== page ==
'It is admitted by the Steel Company that the crossing involved is owned and was owned at the time involved by it but the Steel Company although denied that Pennsylvania Railroad Company had any right whatever to take the train involved over said crossing, since the Steel Company had advised the Railroad Company some months previous to July 14th, 1954, that the coke ovens located at or near said crossing and along the track involved had been closed down and operations therein had ceased. The Steel Company also admitted at the time of this trial that it had ordered empty cars from Pennsylvania Railroad Company to be placed for loading at another coal mine owned by it near Bute, Fayette County, Pennsylvania, but the Steel Company alleged that no permission was granted by it for the Railroad Company or its employees to bring said empty cars into the area of coke yard track No. 5 even though Pennsylvania Railroad Company found the mine where the cars were originally to be delivered to be on strike on the morning of July 14th, 1954.

 'The plaintiff Kennedy testified in this case that upon finding that a strike had taken place at or near the mine where he was originally instructed to place said empty cars, he then received instructions to place part of the empty cars on coke yard track No. 5, these instructions being given him by his superior, a supervisor for Pennsylvania Railroad Company. He further testified that after he had placed the twenty-four empty cars on the south end of the track, that is coke yard track No. 5, he proceeded by foot to the crossing involved in this case and observed the same and found the condition thereof to be good, and in his opinion sufficiently in good condition to take the train across the crossing to the northern end of coke yard track No. 5. He therefore positioned himself on the sill of the first car of the twenty-four empty car train and give a signal to the engineer in the engine which was to push the empty cars, and as the empty cars were pushed across the crossing involved he noticed that the first car on which he was riding had apparently veered to the left and in the direction of an abutment located just north of the crossing, and as the said car in which he was riding was about to strike or actually did strike the abutment he jumped or was thrown from the car and sustained the injuries for which he seeks to recover damages in this case.'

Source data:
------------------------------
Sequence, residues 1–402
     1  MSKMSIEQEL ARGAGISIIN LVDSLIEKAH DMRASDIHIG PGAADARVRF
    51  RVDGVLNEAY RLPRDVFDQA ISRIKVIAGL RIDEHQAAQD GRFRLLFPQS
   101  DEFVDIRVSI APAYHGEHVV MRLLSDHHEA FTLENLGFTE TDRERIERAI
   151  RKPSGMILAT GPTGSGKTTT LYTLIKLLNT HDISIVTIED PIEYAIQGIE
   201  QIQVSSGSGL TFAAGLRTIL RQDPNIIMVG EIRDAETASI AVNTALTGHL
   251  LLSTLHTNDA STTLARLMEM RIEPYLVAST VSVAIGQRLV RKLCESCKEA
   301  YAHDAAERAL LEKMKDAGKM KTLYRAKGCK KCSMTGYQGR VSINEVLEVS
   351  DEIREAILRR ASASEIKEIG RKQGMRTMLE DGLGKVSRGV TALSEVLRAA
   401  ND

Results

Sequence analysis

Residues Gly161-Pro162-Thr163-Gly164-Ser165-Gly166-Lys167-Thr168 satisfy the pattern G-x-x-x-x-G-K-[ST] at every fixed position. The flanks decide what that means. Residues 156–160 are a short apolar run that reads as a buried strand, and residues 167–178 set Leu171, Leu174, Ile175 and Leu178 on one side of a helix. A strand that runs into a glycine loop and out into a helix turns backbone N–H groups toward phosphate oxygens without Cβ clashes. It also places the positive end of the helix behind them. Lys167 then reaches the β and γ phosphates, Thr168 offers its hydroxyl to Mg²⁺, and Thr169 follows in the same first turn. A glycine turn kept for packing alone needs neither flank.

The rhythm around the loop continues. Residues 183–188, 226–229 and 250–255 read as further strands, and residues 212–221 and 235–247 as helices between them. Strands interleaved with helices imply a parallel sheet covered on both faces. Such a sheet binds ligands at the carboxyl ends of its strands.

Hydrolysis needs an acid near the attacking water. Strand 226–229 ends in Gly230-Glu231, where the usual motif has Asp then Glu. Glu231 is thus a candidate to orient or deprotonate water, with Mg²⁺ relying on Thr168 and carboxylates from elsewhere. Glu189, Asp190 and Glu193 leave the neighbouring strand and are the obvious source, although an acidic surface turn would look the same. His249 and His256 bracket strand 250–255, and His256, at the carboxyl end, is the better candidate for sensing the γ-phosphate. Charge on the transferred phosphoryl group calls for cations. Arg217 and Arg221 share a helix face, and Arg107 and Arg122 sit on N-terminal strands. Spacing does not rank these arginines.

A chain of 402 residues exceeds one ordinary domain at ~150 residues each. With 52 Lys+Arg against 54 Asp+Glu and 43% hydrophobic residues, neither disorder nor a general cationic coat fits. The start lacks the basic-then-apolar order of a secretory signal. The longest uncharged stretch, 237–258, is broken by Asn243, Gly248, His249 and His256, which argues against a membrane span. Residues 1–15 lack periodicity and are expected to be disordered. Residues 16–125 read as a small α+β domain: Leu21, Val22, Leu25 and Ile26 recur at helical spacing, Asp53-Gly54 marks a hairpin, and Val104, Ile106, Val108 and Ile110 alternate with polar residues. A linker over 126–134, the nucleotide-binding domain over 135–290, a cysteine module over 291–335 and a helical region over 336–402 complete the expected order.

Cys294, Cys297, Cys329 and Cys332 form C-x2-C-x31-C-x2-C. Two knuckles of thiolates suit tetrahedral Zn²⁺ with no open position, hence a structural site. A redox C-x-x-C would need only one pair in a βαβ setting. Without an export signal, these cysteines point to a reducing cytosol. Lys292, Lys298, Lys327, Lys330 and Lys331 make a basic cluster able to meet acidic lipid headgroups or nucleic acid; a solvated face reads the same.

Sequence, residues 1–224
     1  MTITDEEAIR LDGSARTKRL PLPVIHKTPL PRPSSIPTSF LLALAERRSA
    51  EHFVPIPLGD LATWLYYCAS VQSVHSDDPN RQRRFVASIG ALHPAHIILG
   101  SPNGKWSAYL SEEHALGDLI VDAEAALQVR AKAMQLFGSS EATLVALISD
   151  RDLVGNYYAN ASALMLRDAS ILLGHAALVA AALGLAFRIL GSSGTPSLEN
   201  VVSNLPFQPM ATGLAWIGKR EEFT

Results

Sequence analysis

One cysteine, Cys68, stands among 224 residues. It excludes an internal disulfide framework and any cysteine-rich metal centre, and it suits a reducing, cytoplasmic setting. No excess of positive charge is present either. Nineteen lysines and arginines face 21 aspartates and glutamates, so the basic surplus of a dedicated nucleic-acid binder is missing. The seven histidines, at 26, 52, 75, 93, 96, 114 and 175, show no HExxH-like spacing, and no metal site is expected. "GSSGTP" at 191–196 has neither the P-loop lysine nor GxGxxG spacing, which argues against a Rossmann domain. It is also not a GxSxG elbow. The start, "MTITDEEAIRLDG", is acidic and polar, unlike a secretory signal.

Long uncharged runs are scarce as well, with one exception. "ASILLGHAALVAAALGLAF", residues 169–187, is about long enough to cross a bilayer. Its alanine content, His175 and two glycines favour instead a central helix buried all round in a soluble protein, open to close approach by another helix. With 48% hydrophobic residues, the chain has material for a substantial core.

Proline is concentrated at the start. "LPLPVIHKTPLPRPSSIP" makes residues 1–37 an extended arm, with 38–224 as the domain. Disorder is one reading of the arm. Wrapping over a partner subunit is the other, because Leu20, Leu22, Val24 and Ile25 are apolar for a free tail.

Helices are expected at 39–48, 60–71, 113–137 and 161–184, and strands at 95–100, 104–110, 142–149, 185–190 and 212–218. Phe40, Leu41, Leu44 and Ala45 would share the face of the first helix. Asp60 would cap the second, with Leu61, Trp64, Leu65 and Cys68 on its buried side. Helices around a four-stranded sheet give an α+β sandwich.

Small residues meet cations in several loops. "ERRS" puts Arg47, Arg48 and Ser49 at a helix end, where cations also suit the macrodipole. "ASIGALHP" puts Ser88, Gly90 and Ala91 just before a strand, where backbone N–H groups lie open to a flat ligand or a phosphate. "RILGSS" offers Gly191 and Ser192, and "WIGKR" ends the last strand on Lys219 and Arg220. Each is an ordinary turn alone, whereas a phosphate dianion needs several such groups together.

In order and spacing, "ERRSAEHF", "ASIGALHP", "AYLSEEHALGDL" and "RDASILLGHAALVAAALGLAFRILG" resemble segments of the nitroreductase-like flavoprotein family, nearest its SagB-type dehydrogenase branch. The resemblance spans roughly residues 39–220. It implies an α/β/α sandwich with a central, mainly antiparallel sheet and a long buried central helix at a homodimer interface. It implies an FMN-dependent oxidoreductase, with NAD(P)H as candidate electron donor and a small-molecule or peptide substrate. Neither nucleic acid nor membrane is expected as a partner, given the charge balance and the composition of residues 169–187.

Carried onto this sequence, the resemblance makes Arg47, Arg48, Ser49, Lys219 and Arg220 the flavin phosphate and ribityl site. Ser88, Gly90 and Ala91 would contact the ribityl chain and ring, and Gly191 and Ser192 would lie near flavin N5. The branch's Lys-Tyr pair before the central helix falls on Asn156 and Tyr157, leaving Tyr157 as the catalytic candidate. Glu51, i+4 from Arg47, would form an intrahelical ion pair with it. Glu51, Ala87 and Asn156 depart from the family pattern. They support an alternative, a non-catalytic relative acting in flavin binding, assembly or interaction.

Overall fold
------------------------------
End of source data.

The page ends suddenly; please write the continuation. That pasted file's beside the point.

Following the jury verdict, this court directed that judgment be entered in favor of the plaintiff and against the Pennsylvania Railroad Company. In the third party action, judgment was entered in favor of the Pennsylvania Railroad Company and against the United States Steel Corporation in the full amount of the judgment and costs entered in favor of the plaintiff against the defendant. Steel filed a timely motion for a new trial. It also filed a motion for judgment notwithstanding the verdict in accordance with its motion for a directed verdict. However, as pointed out in Railroad's brief, the latter motion was not timely. Nevertheless, had it been timely, it would not have been granted, and the motion for a new trial must be denied.

 The issues were left to the jury in a special verdict containing six interrogatories. In the first interrogatory the jury determined that the railroad was negligent in failing to provide the plaintiff with a reasonably safe place to work because of the bad or defective condition of the crossing. In the second interrogatory, the jury determined that the injuries suffered by plaintiff were not caused in whole or in part because of any defect or insufficiency in railroad equipment. In the third interrogatory the jury determined that plaintiff's injuries were not the result of a combination of the first two. In answer to the fourth interrogatory, the jury found plaintiff's damages to be $ 8,500. In summary, then, the first four interrogatories simply determined that the railroad was negligent because of a bad crossing which resulted in providing plaintiff with an unsafe place to work and that plaintiff suffered damages in the amount stated.

 The fifth and sixth interrogatories submitted are the subject of the issues raised by Steel in its motion. These interrogatories and the answers of the jury are:

 '5. Was the United States Steel Corporation, third party defendant, under the evidence, required to maintain the crossing in a reasonably safe condition for Pennsylvania Railroad Company purposes on July 14, 1954?

 'Answer: Yes.'

 '6. If your answer to Interrogatory No. 5 is 'Yes,' that is, that the United States Steel Corporation was required to maintain the crossing in a reasonably safe condition, did the United States Steel Corporation maintain the ...